Tucson’s title as a UNESCO World City of Gastronomy — the first in this country to receive the label — isn’t just about food.

It’s about our food system, and the honor came because Tucson has a local, interconnected and ancient one.

Historic preservation officer Jonathan Mabry compiled the 16-page application for the designation, detailing the multitude of programs, organizations, and festivals in Tucson that connect the food system, as well as its 4,000-year-old agricultural history.

“We’re rebuilding our foodshed and we’re relocalizing our foods; we’re reconnecting to our food heritage and history; we’re developing innovative approaches to address food security and food justice,” Mabry said. “It’s all of those innovations in all those different areas that qualified us for the designation.”

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Lorinda Harvey, left, Jessica Arellano-Juan, Alice Juan and Veronica Harvey, in Juan’s kitchen.

In an application stuffed with what makes Tucson’s food system unique, it is the interconnectivity of those systems that stands out.

Some of the programs mentioned in the application include the University of Arizona Compost Cats, the San Xavier Co-op Farm, Native Seeds/SEARCH, Tucson Meet Yourself and Las Milpitas Community Farm.

Compost Cats teaches attendees of Tucson Meet Yourself what waste is compostable; Las Milpitas uses the Cats’ compost; San Xavier provides space for that Cats’ compost program; Native Seeds sources some of its product from San Xavier; and Las Milpitas often grows its seeds.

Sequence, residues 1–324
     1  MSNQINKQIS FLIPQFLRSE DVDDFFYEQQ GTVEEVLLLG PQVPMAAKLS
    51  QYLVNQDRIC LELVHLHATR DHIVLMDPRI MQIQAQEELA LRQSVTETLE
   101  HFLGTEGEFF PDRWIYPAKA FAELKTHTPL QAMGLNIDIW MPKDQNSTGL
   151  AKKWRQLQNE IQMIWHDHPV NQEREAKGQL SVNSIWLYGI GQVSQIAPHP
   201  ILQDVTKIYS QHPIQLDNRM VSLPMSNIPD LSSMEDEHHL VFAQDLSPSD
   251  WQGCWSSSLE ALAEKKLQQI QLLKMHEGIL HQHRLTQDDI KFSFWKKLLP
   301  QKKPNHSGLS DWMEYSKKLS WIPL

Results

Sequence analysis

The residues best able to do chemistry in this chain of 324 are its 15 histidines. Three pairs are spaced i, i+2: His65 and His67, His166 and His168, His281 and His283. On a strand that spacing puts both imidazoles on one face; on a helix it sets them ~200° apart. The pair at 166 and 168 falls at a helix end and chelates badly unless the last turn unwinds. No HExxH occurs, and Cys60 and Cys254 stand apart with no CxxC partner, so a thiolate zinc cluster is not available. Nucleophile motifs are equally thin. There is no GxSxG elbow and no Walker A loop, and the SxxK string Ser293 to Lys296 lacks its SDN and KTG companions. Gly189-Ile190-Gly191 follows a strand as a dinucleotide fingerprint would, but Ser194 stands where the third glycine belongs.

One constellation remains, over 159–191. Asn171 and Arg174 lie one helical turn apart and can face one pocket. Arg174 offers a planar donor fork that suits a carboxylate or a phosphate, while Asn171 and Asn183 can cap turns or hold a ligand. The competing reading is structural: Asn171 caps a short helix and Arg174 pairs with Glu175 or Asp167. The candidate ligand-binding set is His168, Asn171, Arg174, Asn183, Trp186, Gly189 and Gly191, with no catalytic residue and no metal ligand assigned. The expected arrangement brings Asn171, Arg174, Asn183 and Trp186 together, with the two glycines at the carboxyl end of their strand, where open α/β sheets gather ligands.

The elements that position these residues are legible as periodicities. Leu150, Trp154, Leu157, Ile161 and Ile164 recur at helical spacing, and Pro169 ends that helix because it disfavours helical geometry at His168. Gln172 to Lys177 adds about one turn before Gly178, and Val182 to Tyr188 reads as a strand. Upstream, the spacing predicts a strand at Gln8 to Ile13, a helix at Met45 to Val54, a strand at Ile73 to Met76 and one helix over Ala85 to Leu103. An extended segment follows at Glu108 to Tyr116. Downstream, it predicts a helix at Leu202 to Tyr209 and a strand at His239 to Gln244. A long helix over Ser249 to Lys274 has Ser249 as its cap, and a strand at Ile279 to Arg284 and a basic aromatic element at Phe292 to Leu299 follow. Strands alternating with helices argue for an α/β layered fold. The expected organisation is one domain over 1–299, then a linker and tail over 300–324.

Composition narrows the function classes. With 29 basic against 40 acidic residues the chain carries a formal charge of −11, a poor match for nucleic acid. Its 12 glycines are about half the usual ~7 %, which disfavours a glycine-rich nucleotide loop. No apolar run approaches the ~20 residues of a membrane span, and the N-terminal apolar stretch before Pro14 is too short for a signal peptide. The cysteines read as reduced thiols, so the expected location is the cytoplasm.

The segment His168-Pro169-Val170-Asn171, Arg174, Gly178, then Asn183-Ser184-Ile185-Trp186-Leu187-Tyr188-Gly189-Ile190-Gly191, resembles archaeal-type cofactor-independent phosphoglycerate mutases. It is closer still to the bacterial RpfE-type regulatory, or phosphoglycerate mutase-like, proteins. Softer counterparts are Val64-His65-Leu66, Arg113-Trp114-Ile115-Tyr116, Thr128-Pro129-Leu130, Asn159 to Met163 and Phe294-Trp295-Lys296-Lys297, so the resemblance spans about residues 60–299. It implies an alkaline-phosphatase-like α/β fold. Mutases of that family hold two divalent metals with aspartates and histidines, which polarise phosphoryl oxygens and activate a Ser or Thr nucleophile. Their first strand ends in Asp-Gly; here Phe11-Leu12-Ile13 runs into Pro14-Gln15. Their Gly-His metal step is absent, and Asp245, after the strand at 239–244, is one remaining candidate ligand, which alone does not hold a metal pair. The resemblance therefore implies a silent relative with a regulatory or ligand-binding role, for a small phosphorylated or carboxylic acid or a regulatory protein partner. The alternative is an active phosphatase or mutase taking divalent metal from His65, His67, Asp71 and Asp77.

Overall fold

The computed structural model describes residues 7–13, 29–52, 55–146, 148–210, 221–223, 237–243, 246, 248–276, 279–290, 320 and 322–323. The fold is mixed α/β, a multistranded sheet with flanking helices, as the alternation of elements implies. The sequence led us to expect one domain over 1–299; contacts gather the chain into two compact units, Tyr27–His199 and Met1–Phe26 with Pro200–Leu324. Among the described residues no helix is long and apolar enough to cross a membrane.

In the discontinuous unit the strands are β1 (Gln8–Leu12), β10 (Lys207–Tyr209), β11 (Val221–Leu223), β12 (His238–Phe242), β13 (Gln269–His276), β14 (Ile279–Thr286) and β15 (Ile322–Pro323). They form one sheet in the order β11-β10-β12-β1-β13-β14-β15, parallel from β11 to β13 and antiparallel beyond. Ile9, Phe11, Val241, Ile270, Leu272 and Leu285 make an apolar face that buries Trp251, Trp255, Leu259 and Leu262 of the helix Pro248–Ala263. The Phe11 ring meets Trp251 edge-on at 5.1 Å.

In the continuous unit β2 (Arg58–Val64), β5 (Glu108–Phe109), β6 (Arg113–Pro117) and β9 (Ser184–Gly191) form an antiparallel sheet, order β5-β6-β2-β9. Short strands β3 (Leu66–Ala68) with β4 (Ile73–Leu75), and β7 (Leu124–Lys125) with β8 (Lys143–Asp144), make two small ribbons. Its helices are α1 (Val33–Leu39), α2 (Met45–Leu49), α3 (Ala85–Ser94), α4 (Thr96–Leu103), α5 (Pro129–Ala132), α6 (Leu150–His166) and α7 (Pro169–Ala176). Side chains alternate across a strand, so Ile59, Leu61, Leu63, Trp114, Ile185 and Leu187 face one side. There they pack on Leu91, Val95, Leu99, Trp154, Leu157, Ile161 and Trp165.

The community supports the system, and groups lean on one another to function and thrive.

Chris Lowen, director of Las Milpitas, a program of the Community Food Bank of Southern Arizona, sees the importance of local neighborhood support out at the west-side farm, which is in the middle of one of the worst food deserts in Tucson, serving mostly low-income families.

“We wanted to start a community farm where people could come and learn to grow food together, and also build a stronger, healthier, community,” Lowen said.

“We’re trying to break down some of those barriers that keep people from growing food.”

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Joel Martinez harvests carrots from the garden at Las Milpitas. He has been instrumental in helping Tucson’s be recognized as a City of Gastronomy.

The designation, in essence, speaks to how Tucson has come together to support local growers, protect heritage foods and honor the richness of cultures here, said Maribel Alvarez, executive program director of the Southwest Folklife Alliance.

“I know that we have changed many hearts and minds who didn’t know what they were looking at before,” Alvarez said of Tucson Meet Yourself, an annual festival that celebrates cultural diversity and education.

Food is often an easier way for some to experience a culture; it’s the carrot on a stick that entices people to learn about something new and different, Alvarez said.

Gastronomy isn’t just a synonym for edible, Alvarez said. Gastronomy is “edible stories.”

Elizabeth Eaton is a University of Arizona journalism student apprenticing at the Star.